By Evan Norris 27th Feb 2018 | 3,213 views
Video games are marvelous educational tools. They can teach mental skills like patience and perseverance, and physical skills like eye-hand coordination. They can also open up windows into new cultural realities. Mulaka, steeped in indigenous Mexican culture, is such a game. It's a tribute to and, in many ways, a preservation of the history and mythology of the Tarahumara, a Native American people living today in the mountain area of northern Mexico. It's also a respectable — if, at times, unpolished and repetitive — action-adventure game.
Mulaka is the story of the titular hero, a Sukurúame (Tarahumara shaman) who seeks out powerful demigods to combat a foul evil poisoning the land. Set in environments based on actual Tarahumara locations, with creatures pulled from native mythology, and featuring music unique to the Tarahumara, Mexican developer Lienzo has gone above and beyond to make Mulaka as historically, spiritually, and artistically representative of the indigenous peoples of northern Mexico as possible, while still providing a rewarding gameplay experience.
Similar in design to 3D Zelda games, Mulaka is a true action-adventure, built around fighting, exploring, chatting with NPCs, and problem-solving. Almost all of the game's environments play out in the same way: Mulaka arrives, explores for three hidden stones, and, using those stones, opens a doorway to the final boss. Along the way he'll meet colorful locals, slay monsters, collect plants for potions, and maybe even transform into a cougar or a snake.
It's all very straightforward and simple, but it works. Mulaka isn't going to make anyone forget about The Legend of Zelda: Twilight Princess or Okami, but as an action-adventure game it delivers the basics, plus a few twists of its own. There are enough optional secret treasures to make revisiting environments worthwhile, and plenty of diverse environments with specialized puzzles to keep players alert and engaged. Animal transformations give spice to the game, texturing puzzles and fights with monsters.
Fighting is entertaining enough, as new and more formidable enemies are introduced throughout the adventure. Mulaka uses his spear both as a melee weapon and a projectile, and can weave into battle up to four magical potions, which heal the shaman or summon a throwable bomb, among other things. Problematically, however, the game relies heavily on enemy encounters, introducing far too many areas where Mulaka must finish off every enemy in a gated ring to move on. It gets repetitive fast. Furthermore, movement during battle — really, movement in general in Mulaka — is a little stiff and uncomfortable. Developed using Unity, the game suffers at times from some wonky physics and collision detection, and even a few bugs.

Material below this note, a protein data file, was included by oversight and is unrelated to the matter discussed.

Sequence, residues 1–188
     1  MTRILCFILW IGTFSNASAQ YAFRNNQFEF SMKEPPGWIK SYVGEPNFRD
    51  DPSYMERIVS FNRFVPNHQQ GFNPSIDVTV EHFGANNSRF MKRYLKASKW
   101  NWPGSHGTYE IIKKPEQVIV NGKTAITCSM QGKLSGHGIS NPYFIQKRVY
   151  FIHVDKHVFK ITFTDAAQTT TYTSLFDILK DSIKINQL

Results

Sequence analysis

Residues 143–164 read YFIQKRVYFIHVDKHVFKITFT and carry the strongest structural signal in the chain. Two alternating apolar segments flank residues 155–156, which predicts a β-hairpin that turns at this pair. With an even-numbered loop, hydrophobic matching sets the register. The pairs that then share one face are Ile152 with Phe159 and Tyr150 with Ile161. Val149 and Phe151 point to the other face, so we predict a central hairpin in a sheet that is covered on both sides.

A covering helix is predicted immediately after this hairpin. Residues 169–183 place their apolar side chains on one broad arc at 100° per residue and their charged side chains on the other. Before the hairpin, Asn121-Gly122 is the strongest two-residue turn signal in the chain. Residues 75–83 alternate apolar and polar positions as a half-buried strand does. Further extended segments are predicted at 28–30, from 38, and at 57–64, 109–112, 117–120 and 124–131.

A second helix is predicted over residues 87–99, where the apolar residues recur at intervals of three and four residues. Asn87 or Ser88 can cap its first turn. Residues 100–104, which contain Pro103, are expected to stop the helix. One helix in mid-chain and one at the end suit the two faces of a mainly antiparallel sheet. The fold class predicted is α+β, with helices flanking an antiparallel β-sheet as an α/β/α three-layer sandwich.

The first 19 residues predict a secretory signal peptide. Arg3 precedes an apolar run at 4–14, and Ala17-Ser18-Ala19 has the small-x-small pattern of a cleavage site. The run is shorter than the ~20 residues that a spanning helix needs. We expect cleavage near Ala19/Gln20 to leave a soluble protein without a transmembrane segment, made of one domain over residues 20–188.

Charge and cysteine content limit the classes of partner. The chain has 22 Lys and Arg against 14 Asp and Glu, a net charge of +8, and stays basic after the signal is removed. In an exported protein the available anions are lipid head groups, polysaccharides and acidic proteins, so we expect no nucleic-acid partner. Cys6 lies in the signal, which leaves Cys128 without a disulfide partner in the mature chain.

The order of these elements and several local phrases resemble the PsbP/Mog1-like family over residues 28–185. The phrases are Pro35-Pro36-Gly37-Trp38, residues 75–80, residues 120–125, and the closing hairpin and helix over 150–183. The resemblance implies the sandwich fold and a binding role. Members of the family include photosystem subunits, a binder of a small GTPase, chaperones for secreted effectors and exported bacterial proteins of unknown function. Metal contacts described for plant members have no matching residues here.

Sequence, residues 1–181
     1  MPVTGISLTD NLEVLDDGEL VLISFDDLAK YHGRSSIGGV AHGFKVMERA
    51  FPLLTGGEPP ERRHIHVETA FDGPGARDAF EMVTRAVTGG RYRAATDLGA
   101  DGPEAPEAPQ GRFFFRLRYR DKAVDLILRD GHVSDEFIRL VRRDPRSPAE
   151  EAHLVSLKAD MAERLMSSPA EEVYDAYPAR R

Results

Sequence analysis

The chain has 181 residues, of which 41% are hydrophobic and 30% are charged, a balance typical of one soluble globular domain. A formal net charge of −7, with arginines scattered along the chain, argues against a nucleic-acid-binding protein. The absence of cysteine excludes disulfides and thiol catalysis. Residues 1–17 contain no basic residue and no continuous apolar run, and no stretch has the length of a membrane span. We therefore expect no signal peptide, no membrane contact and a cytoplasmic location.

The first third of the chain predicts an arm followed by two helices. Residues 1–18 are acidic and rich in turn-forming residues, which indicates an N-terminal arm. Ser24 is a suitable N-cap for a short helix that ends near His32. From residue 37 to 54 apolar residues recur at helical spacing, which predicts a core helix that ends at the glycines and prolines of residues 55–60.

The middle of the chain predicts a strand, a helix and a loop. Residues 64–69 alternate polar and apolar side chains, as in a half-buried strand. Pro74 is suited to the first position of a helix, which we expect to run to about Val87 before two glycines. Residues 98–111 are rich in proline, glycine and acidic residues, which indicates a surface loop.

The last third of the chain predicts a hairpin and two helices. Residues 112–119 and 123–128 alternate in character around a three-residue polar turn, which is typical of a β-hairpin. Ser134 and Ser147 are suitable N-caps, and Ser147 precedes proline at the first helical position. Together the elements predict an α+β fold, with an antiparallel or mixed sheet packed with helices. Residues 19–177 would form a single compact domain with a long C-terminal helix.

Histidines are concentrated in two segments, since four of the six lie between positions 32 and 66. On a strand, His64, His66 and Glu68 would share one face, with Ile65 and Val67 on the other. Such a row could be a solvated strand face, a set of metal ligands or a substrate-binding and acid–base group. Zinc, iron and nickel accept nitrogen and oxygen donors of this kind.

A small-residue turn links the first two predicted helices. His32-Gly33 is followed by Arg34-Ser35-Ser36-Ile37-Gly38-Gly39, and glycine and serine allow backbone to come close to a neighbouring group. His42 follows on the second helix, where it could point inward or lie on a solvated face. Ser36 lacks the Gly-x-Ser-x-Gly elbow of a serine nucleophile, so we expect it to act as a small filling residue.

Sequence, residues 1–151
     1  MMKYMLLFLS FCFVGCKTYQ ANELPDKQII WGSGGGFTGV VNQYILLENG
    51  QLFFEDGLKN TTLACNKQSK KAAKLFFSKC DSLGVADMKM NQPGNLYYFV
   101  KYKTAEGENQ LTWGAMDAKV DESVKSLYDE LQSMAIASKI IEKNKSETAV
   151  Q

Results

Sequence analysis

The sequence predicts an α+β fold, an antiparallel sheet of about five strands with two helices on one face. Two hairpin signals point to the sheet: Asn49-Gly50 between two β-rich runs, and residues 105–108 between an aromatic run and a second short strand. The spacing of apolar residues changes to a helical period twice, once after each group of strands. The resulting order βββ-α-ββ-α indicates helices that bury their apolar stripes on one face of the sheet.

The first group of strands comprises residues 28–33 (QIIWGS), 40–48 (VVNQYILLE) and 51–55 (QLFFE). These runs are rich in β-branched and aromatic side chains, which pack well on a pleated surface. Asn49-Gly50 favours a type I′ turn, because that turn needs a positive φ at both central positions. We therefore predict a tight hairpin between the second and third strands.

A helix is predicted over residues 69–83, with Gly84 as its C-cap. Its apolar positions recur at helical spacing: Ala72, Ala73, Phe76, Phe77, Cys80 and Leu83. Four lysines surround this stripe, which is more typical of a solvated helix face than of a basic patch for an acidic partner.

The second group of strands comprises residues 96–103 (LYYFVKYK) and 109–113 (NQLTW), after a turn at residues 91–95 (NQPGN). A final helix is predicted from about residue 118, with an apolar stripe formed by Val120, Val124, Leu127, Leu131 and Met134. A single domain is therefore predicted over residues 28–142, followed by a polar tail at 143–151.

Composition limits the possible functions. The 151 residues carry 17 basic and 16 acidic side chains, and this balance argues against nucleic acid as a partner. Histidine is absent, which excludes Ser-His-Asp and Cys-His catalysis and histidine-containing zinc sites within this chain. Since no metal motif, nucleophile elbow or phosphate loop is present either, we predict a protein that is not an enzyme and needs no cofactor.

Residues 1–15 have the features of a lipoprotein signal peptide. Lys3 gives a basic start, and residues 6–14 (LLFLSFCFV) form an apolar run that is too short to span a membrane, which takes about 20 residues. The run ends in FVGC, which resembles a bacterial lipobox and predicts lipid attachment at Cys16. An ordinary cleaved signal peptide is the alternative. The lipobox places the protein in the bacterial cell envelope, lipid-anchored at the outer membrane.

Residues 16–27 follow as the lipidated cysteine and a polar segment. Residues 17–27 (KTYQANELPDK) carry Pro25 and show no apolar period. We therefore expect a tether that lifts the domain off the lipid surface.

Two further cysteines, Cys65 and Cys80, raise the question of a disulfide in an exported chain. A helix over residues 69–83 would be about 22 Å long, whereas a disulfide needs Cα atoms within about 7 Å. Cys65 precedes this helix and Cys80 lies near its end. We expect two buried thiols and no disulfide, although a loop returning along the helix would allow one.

Regular enemy confrontations might turn tedious, but boss encounters are a different story. The collection of boss fights in Mulaka is impressive indeed, with half a dozen monsters ranging in size, speed, and tactics. There are, among others, an armored arachnid amid desert ruins; a ghostly, gelatinous column of air; a giant toad in a shallow pool; and, most fascinating of all, an ancient stone golem that seems ripped from Shadow of the Colossus.
The music and graphics in the game are pleasant and vibrant, and evocative of a time of gods, monsters, and miracles. Lienzo chose a simple, low-polygon visual style for Mulaka, which works well in this particular title. This is a game, after all, about legends, myths, symbols, and representations of realness. Why not make its characters, monsters, and locations simple representations of a much more detailed, complicated reality?
Hamstrung by some repetitive enemy engagements and technical difficulties, Mulaka isn't as great as it could be. It's still a fun, serviceable action-adventure in the tradition of Zelda and Okami. The boss battles are excellent; animal transformations add depth to fights and puzzles; and unique music and graphics transport you to a different world. It's a fine game, and a great way to honor the heritage of an indigenous community.